Cacio e Pepe Cheese Puffs Recipe (2024)

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Jio P

I may be wrong, but this dough seems to be a pate a choux - so, if you don't have a food processor, try adding the eggs by hand with a wooden spatula or with an electric hand mixer. If by hand, vigorously mix in the eggs one at a time, waiting until each is fully absorbed into the batter before adding the next. When you scoop up a bit of the dough and let it drop back into the bowl, it should create a "v" shape off the edge of the spatula. Adding cheese after this point should be fine :)

Andrea from SoCal

Can these be made without piping? Perhaps using a standard sized cookie dough scooper? And, what’s the best way to freeze these? Before or after baking? Thanks!


Hi Andrea, I often make gluten-free puffs in my French home and freeze them after baking and cooling. To bring them back to life, I just place them in a warm oven for about 5 minutes.On the shaping, I use a very round and well oiled coffee scoop (smaller in size than an ice cream scoop), and then remove the batter inserting a small spoon along the edge. My gluten-free batter is stiff enough that I can do that, but I have no idea if the dough in this recipe would handle the same.


I frequently make gougères (which is what these puffs are), & always have some on hand in the freezer. Scoop the drought with a small cookie scoop onto sheet pans & freeze them. Bake from frozen for about 20 mins in a 375F oven until they are golden brown. In Burgundy, these are served with wine and are quite large. I much prefer bite-sized gougères with my red wine. I'm looking forward to trying this version to see how it compares with my usual recipe that is made with Gruyere cheese.


It is a pate a choux dough, and I've never used the food processor to add eggs and cheese. A whisk and elbow grease work fine for adding the eggs, one at a time, until each is fully incorporated, and the cheese. Less equipment to clean up, too.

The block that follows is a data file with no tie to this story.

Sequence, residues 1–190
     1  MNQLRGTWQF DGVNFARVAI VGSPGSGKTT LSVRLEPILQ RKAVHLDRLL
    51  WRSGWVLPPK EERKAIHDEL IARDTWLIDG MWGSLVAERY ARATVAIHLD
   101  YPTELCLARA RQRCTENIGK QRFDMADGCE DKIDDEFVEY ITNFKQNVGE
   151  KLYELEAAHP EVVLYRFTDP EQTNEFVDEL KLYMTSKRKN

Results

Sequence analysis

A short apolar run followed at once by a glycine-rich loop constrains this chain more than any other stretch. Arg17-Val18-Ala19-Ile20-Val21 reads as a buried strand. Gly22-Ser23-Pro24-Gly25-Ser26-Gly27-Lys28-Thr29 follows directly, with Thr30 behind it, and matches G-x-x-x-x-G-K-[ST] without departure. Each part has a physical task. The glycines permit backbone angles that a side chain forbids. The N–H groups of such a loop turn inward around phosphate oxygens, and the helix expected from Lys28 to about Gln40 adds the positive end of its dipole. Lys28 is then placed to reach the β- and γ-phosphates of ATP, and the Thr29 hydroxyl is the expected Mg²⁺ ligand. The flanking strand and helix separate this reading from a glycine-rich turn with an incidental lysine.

Delicious! And I made these only using a wooden spoon— I forgot my mother’s kitchen lacked some useful appliances. I also spooned them out, so I probably made them bigger than needed. So, don’t be intimidated by lack of equipment.


I beat them in my mixer but do let the mixture cool a bit before--usually, just 30 seconds to a minute of letting it mix with the paddle attachment is enough. Add eggs 1 at a time...


They freeze well both baked and unbaked


You can add the eggs, one at a time, with a wooden spoon, but first you need to cool the dough down a little, stirring it vigorously, otherwise the eggs will cook! You might also want to beat the eggs before incorporating them.


hi. i make gluten free cheese puffs similar to these - brazilian cheese bread. i use a small cookie scoop and prepared mini muffin pans. You can free these and heat in oven for 4 minutes. Everyone loves them. (tapioca flour, butter, milk, eggs, parmesan0


These are essentially gougères with a critical difference. In the classic French recipe, the flour is added to the melted butter & cooked for at least 2 minutes to cook the flour, then the milk is added slowly. I made this using Ina's method. Next time I will use the classic method as these were on the heavy side; use a much lower oven temp as they browned before cooking properly, use a Kitchen AId as the dough was too heavy - the FP blade repeatedly lifted up & I won't bother with the egg wash.


Old recipes suggest two teaspoons to form the balls of dough, much as you would for drop cookies. Works fine. You can also make a circle of the balls and bake it as a free-form ring. This is a classic gougeres and quite forgiving. It's good warm or room temperature with a salad for a light meal, once the typical way to serve gougeres in Burgundy.